Bones thought to be the holy remains of 15th Century French heroine Joan of Arc were in fact made from an Egyptian mummy and a cat, research has revealed.
Another victory for science over religious dogma, we might think, but we shouldn't smirk: remember Piltdown Man? OK, I know the debunking of Piltdown Man was also a victory for science, which is supposed to continually challenge its own theories and data, but egg was definitely left on certain faces.
I don't get it with bodily relics, I really don't. Fascinated though I am by Charles Darwin, if someone were to offer me a peek at his skull buried beneath the flagstones of Westminster Abbey (assuming it hasn't crumbled to dust by now), I would politely decline. Let the poor man rest in peace! And as for Einstein's brain, sliced, diced and pickled in assorted jars, no thank you very much. It's damn morbid.
While there's an outside possibility that an analysis of Darwin's remains might give us some clue as to the mysterious illness that plagued his life following the Beagle voyage, and Einstein's brain has supposedly been used for scientific research into the nature of genius, I simply don't get the (usually, but not exclusively, religious) fascination with preserving and worshipping bodily fragments from the great and the good.
Last month, I visited Florence, Italy, where I encountered a genuine, scientific 'holy' relic. In a glass case in the frankly wonderful Museum of the History of Science, I gazed upon the middle finger of the right hand of Galileo Galilei. The finger the great scientist raised metaphorically at his former ally Pope Urban VIII while rather patronisingly pointing out the weaknesses of the church's geocentric view of the universe.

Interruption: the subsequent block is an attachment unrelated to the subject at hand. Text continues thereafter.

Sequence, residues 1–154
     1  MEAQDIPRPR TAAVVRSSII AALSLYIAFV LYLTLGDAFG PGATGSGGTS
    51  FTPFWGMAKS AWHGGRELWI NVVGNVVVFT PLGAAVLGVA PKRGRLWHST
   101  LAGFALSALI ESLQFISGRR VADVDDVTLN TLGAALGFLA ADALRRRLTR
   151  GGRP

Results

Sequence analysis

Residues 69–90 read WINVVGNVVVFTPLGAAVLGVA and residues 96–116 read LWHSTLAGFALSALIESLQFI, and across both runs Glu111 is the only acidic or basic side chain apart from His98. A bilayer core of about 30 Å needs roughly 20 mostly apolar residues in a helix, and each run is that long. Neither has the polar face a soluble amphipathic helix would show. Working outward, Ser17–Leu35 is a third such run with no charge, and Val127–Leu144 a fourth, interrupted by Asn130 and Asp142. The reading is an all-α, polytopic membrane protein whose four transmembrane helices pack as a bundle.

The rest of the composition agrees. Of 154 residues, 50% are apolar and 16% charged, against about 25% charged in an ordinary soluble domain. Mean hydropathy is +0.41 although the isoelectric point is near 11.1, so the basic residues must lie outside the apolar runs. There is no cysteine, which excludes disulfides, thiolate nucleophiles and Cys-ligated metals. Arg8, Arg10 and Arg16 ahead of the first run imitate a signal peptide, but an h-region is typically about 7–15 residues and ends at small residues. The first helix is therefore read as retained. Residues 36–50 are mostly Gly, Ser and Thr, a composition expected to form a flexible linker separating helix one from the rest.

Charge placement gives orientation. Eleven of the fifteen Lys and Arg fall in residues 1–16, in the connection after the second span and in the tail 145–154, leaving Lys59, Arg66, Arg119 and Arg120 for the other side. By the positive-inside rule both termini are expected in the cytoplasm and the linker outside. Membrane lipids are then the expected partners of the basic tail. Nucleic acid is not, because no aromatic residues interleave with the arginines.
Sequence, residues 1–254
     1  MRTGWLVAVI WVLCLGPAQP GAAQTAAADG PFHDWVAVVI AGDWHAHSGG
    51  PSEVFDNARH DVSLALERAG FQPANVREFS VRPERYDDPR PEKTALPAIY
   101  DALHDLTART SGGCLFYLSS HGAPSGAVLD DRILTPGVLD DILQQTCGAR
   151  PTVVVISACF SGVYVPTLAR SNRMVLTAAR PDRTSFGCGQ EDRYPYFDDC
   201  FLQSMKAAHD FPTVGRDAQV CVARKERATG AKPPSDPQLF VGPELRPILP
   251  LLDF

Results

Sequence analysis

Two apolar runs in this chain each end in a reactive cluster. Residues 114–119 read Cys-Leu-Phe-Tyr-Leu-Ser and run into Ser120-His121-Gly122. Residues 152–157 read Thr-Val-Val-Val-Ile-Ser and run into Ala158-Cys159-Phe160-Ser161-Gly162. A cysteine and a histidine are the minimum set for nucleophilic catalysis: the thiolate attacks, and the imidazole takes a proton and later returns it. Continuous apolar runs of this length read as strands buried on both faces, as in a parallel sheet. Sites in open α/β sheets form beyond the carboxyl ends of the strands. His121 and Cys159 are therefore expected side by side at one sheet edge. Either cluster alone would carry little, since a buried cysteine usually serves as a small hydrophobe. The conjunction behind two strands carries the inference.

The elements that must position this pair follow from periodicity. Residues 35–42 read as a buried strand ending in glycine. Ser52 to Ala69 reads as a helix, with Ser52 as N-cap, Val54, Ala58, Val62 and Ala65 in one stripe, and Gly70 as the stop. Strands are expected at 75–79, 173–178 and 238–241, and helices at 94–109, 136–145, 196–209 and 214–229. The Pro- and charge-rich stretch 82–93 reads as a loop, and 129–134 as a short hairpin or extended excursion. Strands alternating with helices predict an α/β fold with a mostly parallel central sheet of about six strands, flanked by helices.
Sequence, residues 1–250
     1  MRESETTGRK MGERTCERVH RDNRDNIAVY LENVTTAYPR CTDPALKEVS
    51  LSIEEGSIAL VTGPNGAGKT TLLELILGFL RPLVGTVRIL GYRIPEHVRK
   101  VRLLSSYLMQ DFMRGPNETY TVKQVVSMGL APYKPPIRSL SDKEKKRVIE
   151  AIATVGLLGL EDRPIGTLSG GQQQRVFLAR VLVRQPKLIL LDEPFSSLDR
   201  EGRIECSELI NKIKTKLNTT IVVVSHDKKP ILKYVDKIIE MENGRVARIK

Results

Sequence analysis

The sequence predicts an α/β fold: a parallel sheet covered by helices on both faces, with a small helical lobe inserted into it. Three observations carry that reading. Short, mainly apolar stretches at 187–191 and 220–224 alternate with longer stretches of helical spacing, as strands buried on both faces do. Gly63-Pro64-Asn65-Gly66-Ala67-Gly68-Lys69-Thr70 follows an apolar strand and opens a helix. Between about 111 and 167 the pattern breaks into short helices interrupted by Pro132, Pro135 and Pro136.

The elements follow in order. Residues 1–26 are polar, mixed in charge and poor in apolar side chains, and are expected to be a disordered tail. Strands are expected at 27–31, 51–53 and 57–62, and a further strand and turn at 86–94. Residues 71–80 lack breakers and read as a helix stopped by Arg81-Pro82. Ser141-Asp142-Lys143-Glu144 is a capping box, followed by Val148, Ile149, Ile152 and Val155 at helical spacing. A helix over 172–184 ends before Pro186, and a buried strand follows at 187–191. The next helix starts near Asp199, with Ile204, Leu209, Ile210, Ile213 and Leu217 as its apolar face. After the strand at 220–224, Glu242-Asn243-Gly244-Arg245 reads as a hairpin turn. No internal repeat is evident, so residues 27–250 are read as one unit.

There is, of course, quite a story behind how Galileo's finger came to be preserved in a museum in Florence:
When the heretic Galileo died in 1642, the Roman Catholic church could not bring itself to let his remains be buried in consecrated ground. Ninety-five years later, however, the church relented, and his remains were exhumed, relocated to the church of Santa Croce in Florence, and placed inside an impressive marble memorial, directly opposite a similar memorial to Michelangelo (another local who had his fair share of run-ins with the pope).
During the exhumation of Galileo's remains, on 12th March, 1737, the antiquary Anton Francesco Gori removed the middle finger of Galileo's right hand. The finger was later placed it inside a glass cup and set upon an alabaster plinth bearing a verse by Tommaso Perelli, which translates from the original Latin as follows:
This is the finger, belonging to the illustrious hand
That ran through the skies,
Pointing at the immense spaces, and singling out new stars,
Offering to the senses a marvellous apparatus
Of crafted glass,
And with wise daring they could
Reach where neither Enceladus nor Tiphaeus ever reached.
That's antiquaries for you, I guess.
But sitting right next to Galileo's finger in the museum display case was a proper scientific relic—an artefact far more important and moving than a few desiccated carpal bones: the actual piece of crafted glass referred to in Perelli's poem; the original objective lens from the telescope Galileo used to discover the first four satellites of Jupiter, thereby proving beyond doubt to any reasonable person that not all heavenly bodies orbit the Earth.
The sights Galileo saw through that small piece of glass shook the world.
Galileo's lenses and telescopes are surely the right kinds of scientific relics to gawp at in awe; not some pseudo-religious bone fragments.
See also some of my holiday snaps: